Hacking At Media's Most Pressing Problems
Journalism students around the nation visit UNC to transform media coverage of government, elections and high school sports.
BY SARAH HEADLEY
Filed Under: NEWS: Startups
If I had a dollar for every time I heard someone say, "Print journalism is dying," I would be a rich woman.
In reality, journalism is just evolving, at least that's what we're learning at UNC's J-School (where I'll be a senior in the Fall). Innovation in distribution of news—social media—is changing everything about the way we do our jobs. And with all that change have come some major money-making problems for traditional media outlets that we journalists are still trying to figure out.
That's why the Journalism School Hackathon was created.
Former WRAL.com general manager John Clark teaches entrepreneurial journalism and runs the Reese News Lab at UNC (ExitEvent recently wrote about the program here). He teamed up with Mark Glaser, executive editor of PBS MediaShift and Idea Lab in San Francisco, to host last weekend's Journalism School Hackathon, a first-of-its-kind event to create “sustainable business models and revenues for news outlets,” according to MediaShift.
Teams came from journalism schools in Ohio, Arizona, New York and beyond to participate. The dynamic duo seems to have started something special —they got a large, and quite enthusiastic, round of applause on the final day of the event Sunday, June 1.
Clark and Glaser's goal was for students to brainstorm innovative ideas that would solve the problems of local media outlets.They're also passionate about teaching journalism students to think as entrepreneurs about their field.
“I have a deep interest in the education part of journalism and how that's changing,” Glaser told me.
The event featured guest speakers who discussed the changing media industry and the opportunities it presented. Then three local media organizations posed challenges for the groups to tackle.
*McClatchy Newspapers: A platform to encourage stronger bonds within the community around high school athletics.
*Raleigh Public Record: A way to make local government planning decisions more transparent.
*WRAL.com: A way to increase public awareness about the outside influences on local elections.
Over two days, nine teams formed to brainstorm solutions. By Sunday, they'd come back together to present their ideas. The room was filled with excitement—you could tell the teams were truly passionate about their ideas.
I felt like I was watching the 90s Nickelodeon show Legends of the Hidden Temple as each team was announced. Nostalgic memories flashed back as teams like the Purple Monkeys and Red Ninjas were introduced for their four minute presentations.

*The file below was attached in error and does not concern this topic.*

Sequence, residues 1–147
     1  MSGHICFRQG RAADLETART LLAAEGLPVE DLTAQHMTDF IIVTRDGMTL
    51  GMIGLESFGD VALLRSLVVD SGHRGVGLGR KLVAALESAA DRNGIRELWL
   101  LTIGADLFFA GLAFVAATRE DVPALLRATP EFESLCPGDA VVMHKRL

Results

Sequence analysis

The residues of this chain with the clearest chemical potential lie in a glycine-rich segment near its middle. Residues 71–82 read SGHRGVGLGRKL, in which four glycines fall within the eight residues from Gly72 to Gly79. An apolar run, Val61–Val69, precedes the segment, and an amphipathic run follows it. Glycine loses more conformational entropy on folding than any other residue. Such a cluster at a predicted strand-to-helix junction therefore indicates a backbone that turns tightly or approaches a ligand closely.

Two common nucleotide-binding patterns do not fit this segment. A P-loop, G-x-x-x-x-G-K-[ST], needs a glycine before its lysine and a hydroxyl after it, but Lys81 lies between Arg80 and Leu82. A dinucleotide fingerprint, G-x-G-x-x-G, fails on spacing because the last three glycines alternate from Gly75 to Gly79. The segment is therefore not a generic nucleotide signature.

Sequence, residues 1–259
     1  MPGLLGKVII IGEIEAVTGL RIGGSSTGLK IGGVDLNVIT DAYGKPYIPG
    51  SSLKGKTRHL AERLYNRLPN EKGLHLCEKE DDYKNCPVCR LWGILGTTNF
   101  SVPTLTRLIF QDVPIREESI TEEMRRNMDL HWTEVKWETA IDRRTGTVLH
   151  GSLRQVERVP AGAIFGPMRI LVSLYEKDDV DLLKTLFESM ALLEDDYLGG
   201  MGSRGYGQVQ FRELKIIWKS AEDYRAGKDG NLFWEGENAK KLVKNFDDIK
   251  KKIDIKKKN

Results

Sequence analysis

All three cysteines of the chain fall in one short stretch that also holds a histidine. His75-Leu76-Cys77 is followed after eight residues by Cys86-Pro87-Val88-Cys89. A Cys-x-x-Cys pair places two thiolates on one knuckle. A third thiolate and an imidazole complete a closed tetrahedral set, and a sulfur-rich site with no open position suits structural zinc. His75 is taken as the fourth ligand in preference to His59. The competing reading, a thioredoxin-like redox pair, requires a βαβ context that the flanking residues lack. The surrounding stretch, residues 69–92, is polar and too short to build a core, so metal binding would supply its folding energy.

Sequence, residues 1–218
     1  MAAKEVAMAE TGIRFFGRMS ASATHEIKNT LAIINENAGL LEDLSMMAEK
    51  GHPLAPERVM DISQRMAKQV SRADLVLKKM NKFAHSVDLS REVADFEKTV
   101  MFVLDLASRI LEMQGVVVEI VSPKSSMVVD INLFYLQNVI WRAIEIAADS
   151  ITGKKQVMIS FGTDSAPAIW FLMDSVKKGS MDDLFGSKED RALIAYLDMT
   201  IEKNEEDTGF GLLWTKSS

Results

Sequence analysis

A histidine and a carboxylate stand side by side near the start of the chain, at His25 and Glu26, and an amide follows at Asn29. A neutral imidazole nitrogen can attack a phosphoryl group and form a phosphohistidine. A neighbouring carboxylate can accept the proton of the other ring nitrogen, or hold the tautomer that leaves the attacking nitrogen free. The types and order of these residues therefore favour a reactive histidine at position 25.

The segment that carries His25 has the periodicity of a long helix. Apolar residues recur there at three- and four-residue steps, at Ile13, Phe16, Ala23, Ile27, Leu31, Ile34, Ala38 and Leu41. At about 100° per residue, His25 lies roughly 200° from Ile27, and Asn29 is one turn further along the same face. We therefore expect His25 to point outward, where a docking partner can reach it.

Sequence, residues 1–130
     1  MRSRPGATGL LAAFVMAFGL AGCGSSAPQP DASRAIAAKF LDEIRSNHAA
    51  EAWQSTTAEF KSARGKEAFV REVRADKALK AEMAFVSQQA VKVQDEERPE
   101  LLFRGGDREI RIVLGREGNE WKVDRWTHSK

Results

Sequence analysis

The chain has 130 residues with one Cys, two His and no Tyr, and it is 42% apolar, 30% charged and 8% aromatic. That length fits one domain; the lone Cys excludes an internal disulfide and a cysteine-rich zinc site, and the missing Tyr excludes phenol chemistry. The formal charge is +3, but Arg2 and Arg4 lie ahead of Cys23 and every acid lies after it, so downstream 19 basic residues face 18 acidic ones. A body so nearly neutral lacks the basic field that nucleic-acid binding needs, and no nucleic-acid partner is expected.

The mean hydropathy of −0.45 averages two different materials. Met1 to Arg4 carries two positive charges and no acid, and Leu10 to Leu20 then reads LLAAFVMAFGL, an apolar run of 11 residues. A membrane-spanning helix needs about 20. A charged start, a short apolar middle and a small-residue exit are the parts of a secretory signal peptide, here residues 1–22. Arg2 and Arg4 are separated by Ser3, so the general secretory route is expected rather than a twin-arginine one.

The Red Ninjas, a team of students from Syracuse University, Georgetown University and UNC won the event with VOXity, an app to give community members a voice in city planning projects. It's a map and alert system that allows individuals to sign in with their Facebook accounts and give actual feedback that is sent directly to their town council.
Their idea solved the challenge by the Raleigh Public Record to make local government planning more transparent—the judges thought their idea was the most feasible, viable and desirable. The team hopes to do a nine-month trial with the Town of Chapel Hill and eventually sell their product to cities for $10,000 dollars along with small monthly fees. Samantha Harrington, a member of the team and Reese News Lab fellow, said she's happy and surprised at the outcome, but still unsure of VOXity's next steps.
Honorable mentions were awarded to three teams.
*Advocate is a mobile app that can identify specific political advertisements on-the-go (like Shazaam for music) and provide details like who funded the campaign and the candidate's profile. It also allows users to comment.
*Cash Flow is a platform that allows users to take quizzes on what companies and products they use regularly, in return for an analysis of the companies' political affiliations and campaign contributions. The team hopes Cash Flow will influence buying decisions and provide more transparency around the political process.
*Support Our Sports builds community by hosting fun, interactive challenges for competing high schools. Each week, the schools would have a challenge, like "Post your best school spirit selfie," with a specific hashtag for each school. Each week's winners win a sports feature story for their school. At the end of the year, weekly winners will be tallied, and the school with the most will win $10,000 for their athletics.
Clarke said the event resembled the work environment in the Reese News Lab.
"Our thought was to try to get a group of faculty, students and professionals together to work together in a short event to see what we could do together" he said. "It was a matter of putting a diverse group of people together – doing similar things – to see what could come of it."
Clark and Glaser plan to make the Hackathon an annual event held at different schools around the country. The next will happen in February or March of 2015.
In the meantime, keep your eyes peeled to see what's next for VOXity and how it might impact Chapel Hill and beyond.
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